COPE awaits Liberals' decision on environmental studies for highway

Kevin Werner, Special to the Flamborough Review
Sep 1, 2006

A Burlington-based environmental group opposed to a new super-highway from Fort Erie to Burlington wants the provincial government to conduct a full environmental assessment on the controversial project.

" I hope the Liberals stick to their guns," said Copetown area resident Sue McMaster, vice-chair of Citizens Opposed to Paving the Escarpment.

" The pressure from Niagara and Hamilton politicians is pretty continuous to accelerate the process."
Hamilton mayor Larry Di Ianni, along with other Niagara mayors and Erie-Lincoln Progressive Conservative MPP Tim Hudak, met with recently-appointed Transportation Minister Donna Cansfield this week, to press the government on fast-tracking the $1.5 billion, 130-kilometer project.

Since the Liberal government assumed office in 2003, the project, now officially called the Niagara-GTA Corridor, has been deliberately placed on the back burner because of local opposition and significant environmental impact, say Niagara and Hamilton officials.

" They are hiding behind the studies," said Hudak. "We've lost three years of time."

The previous Transportation Minister, Harinder Takhar, only in June approved the environmental terms of reference for the project's environmental assessment. Hudak says there has been no timetable scheduled by the Liberal government as to when the environmental assessment will be completed.

Di Ianni, who has said the highway will be essential to Hamilton's economic viability, said city officials are concerned construction won't begin until 2021.


The group proposed to the minister that the government use the information from the 2001 needs assessment study conducted on the project to accelerate phase one of the environmental process. The assessment will look at whether or not there is a need for the Queen Elizabeth Way to be expanded and where to link the new highway at its western terminus.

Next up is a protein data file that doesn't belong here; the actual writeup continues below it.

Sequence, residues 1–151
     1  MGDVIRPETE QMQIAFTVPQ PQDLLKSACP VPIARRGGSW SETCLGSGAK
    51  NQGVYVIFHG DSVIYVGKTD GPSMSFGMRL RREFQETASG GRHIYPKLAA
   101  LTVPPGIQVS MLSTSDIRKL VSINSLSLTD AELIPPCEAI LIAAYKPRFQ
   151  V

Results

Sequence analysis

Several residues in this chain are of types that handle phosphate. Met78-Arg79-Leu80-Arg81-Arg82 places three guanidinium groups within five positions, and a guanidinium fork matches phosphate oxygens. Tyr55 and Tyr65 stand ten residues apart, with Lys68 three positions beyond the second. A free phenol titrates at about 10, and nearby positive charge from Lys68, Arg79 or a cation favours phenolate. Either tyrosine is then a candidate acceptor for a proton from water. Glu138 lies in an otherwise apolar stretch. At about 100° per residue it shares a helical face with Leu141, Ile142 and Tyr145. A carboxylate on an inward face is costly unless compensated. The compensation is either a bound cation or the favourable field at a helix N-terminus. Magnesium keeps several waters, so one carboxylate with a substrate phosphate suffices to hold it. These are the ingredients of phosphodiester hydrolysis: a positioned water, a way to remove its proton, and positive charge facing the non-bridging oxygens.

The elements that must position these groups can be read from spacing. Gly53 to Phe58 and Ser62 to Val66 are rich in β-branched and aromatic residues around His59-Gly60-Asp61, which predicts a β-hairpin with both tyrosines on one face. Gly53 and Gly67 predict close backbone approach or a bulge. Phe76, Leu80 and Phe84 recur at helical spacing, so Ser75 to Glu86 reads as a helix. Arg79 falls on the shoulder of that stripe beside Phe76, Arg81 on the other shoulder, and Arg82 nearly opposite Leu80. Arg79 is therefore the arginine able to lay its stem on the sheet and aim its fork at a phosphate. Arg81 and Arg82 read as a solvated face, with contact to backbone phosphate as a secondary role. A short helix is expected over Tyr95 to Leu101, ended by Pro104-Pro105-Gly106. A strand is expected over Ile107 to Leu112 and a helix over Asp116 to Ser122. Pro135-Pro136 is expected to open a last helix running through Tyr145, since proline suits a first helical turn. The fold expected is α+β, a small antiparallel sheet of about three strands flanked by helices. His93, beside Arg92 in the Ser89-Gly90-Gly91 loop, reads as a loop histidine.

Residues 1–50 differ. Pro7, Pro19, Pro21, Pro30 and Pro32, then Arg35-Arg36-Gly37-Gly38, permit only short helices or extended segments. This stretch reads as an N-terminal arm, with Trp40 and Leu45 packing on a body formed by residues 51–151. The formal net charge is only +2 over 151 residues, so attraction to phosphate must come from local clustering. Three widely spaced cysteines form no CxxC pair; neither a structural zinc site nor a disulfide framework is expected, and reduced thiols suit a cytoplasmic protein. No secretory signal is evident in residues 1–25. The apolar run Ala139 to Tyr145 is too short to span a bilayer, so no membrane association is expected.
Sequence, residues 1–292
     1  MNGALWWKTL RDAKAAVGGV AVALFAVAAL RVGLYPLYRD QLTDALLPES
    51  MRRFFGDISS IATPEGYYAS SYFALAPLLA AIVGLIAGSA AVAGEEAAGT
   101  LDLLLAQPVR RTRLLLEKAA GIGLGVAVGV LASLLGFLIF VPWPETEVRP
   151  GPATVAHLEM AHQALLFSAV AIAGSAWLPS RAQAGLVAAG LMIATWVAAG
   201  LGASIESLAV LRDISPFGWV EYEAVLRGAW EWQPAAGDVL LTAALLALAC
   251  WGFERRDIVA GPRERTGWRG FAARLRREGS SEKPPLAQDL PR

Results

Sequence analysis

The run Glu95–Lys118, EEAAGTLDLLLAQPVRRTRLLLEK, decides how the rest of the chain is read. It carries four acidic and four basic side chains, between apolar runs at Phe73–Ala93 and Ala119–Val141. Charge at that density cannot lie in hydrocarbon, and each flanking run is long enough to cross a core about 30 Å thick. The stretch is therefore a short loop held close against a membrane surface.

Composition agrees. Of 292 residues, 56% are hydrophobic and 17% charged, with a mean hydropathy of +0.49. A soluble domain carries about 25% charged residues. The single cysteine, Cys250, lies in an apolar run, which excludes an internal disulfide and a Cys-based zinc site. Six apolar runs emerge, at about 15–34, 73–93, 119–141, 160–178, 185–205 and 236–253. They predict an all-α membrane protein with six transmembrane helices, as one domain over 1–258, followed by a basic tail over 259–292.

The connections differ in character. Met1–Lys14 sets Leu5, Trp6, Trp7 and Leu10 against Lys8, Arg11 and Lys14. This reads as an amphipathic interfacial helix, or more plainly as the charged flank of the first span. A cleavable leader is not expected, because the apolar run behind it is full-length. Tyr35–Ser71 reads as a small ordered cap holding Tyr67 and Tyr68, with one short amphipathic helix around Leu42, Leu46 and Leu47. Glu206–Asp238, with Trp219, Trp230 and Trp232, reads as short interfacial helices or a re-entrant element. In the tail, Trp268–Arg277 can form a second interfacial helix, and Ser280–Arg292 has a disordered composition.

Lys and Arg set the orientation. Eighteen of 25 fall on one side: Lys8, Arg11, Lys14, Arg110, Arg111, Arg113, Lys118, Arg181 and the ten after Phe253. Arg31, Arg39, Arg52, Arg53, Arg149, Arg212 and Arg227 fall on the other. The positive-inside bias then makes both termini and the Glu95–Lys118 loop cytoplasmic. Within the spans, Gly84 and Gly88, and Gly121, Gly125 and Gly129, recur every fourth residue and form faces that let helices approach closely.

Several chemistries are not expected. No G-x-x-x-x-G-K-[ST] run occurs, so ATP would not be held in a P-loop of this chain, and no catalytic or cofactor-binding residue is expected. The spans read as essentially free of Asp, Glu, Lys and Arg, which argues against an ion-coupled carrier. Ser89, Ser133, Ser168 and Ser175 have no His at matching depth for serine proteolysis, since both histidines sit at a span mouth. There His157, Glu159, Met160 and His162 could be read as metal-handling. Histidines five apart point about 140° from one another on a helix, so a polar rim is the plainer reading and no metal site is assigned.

Hudak says the Liberals have avoided identifying where the Niagara-GTA Corridor will link up in Hamilton because of the opposition in Burlington.

Hudak also requested that the public be included in any decision on where the highway will end in Hamilton and to establish time frames as to when the assessment will begin and end.

The Minister, said her spokesperson Neal Kelly, assured the Niagara politicians the highway is "on the government's radar" and that Cansfield supports it.

Is the government hiding behind studies?

" Absolutely not," said Kelly.

He said because of the new environmental reality, highways can't be constructed as stand-alone projects. All aspects of the project and its implications have to be considered, including rail and port transportation, environmental issues and demographics, he said.

" It's the only way to build a highway with linkages. It doesn't make sense now to build a highway in isolation anymore."

McMaster said the argument the previous Progressive Conservative government made about the new highway relieving traffic on the QEW towards Toronto is flawed.

" There will still be gridlock," she said.

Another crucial aspect to the project is economics, she said. Three years ago gas prices were between 40 cents to 50 cents a litre, now they are hovering near the $1 mark.

" Economically, we have to look at these things," she said. "The impacts of highways are becoming more tangible."

Cansfield has agreed to create a working group of politicians to monitor the highway's progress, Kelly said.

Kelly expects the group to be operating by the end of this year.

As for COPE, members will continue to watch closely what the Liberal government does.

" We're in waiting status to see when the EA process comes down,"said McMaster.



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